The Williamses live in the same primitive conditions as the students—no running water, an outhouse and a solar panel to light a single bulb in the evening. The students learn spiritual disciplines, study God’s Word, learn to farm with better technology and practice their ministry skills each afternoon in the local villages. All 18 students will serve in rural areas and be self-supporting or bivocational. This model is sustainable and reproducible. The Bible school actually has a goal of supporting 30 percent of its own expenses through its agricultural production. This model is so promising that another school is being planned in a nearby province.

The gospel demands that we love one another. The poorest of the poor in Cambodia are the Vietnamese refugees. Most live on houseboats, the cheapest shelter available. They are not permitted to own property, and many cannot attend public school.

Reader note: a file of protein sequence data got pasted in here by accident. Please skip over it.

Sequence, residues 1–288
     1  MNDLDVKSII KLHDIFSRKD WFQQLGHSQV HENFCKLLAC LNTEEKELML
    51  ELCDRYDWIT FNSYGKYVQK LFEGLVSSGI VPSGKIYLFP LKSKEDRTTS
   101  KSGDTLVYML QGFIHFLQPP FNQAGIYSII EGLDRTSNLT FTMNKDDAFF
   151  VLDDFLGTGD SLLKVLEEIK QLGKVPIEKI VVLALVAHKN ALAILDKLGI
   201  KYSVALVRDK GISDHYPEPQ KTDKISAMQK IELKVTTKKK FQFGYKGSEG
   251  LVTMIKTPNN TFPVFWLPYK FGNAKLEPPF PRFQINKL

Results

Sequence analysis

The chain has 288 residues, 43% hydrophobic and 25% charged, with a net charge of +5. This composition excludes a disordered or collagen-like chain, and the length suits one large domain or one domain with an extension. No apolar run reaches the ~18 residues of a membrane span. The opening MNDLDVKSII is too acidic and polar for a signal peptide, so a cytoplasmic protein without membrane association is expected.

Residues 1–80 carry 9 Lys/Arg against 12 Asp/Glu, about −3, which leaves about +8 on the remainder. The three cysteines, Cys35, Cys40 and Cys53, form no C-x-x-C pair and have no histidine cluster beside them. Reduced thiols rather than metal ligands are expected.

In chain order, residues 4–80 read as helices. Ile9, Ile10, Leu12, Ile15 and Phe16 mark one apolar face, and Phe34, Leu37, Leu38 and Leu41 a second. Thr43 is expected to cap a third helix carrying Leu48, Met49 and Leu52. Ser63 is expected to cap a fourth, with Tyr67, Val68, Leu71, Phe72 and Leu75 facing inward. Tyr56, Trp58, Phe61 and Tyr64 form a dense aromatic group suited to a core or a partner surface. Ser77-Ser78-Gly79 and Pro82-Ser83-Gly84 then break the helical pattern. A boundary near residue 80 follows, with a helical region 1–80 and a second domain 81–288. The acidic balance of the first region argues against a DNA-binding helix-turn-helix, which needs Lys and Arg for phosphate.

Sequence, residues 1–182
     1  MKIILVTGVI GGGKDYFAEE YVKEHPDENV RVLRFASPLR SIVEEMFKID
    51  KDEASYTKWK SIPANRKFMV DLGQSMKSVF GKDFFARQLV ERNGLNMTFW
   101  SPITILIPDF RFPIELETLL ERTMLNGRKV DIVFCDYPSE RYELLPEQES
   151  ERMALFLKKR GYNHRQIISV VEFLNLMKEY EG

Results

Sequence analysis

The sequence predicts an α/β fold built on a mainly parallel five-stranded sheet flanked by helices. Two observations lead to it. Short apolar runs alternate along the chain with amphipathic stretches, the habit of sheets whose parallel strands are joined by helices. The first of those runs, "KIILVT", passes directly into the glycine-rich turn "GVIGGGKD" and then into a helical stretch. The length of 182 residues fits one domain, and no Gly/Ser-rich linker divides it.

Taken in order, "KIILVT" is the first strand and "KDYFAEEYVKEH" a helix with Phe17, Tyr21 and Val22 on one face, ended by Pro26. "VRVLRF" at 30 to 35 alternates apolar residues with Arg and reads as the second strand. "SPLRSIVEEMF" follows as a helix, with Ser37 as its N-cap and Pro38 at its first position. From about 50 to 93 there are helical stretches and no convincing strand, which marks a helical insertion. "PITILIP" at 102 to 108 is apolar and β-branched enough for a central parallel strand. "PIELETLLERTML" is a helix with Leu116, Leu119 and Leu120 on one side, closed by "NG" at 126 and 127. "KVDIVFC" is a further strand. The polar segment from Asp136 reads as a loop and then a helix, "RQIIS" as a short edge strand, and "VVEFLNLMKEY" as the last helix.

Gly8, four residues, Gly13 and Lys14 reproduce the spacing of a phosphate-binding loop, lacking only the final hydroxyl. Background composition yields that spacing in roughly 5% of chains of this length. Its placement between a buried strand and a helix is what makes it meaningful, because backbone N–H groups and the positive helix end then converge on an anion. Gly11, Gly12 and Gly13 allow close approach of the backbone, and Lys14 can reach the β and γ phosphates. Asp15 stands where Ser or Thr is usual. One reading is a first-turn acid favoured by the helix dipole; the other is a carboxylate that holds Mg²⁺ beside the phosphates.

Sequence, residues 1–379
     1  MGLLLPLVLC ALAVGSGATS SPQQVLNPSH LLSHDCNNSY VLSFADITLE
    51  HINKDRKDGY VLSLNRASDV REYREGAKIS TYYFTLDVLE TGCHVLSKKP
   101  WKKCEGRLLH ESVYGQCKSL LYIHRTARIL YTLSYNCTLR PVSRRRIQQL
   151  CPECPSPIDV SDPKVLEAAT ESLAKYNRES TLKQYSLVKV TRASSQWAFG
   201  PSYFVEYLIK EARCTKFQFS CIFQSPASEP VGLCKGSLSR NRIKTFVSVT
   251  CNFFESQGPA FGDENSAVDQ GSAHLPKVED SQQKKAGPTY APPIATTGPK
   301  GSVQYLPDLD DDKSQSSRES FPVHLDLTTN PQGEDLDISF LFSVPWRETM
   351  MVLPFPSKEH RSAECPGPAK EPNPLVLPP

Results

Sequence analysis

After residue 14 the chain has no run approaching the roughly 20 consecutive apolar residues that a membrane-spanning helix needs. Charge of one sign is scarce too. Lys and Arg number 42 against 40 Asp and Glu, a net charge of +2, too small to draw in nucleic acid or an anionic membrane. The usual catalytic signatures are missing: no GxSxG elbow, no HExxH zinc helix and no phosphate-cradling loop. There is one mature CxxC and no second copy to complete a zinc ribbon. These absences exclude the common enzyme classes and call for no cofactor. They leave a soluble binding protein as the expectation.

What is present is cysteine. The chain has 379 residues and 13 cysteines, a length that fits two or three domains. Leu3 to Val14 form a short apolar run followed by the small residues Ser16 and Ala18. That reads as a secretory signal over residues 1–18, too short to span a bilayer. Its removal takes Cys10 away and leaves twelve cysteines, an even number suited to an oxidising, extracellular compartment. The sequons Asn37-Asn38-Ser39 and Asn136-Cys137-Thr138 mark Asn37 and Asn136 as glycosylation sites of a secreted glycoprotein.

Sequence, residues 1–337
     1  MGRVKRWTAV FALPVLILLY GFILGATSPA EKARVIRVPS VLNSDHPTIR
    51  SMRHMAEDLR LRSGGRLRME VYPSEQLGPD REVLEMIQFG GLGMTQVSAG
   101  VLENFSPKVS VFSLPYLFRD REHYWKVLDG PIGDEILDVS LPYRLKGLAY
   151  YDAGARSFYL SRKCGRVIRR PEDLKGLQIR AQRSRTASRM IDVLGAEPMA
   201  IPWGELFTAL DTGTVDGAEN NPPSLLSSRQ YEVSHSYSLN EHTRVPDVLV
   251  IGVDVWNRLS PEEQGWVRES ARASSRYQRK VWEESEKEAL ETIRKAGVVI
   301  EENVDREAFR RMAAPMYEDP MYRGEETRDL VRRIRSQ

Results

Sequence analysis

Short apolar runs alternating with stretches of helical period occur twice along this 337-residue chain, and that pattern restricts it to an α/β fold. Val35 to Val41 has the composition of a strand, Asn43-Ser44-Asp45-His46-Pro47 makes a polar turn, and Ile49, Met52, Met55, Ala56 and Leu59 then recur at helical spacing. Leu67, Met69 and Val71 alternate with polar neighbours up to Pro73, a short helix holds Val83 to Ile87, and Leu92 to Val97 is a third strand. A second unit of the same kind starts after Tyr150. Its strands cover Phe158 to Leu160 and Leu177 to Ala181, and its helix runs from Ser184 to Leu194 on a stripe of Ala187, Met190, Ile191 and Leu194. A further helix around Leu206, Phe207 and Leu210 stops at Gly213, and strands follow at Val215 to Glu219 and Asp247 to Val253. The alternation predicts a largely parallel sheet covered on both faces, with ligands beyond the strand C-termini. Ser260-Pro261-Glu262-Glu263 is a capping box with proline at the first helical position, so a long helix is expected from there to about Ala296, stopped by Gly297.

The Alliance is addressing this need by running five primary schools for these children. We stepped onto one of these floating schools and observed children who otherwise would be on the street, but who are now learning to read and write. Most of them confess Christ as Lord, and some of their families joined the local Alliance church. If the children can complete a state exam when they turn 14 years old and pay a fee, they can become citizens of Cambodia. The Alliance is providing them a pathway out of poverty.

Toward the Future

One of the highlights of our visit was a full day meeting with the Alliance national church leadership. These five men shared their stories of coming to Christ and their love for The Alliance. It was moving to hear their vision for the future and their great faith in what God is doing.

The Alliance has laid a solid foundation in Cambodia that is going to bear fruit long after the international workers leave. The goal of the field is to turn over most ministries to the national church by 2023, at which time Alliance leaders hope to have a church in every provincial capital. In cooperation with other believers and Christian groups, The Alliance wants to have believers in all 14,000 Cambodian villages by 2022. There is much to be done, but we have the right people there to get the work accomplished.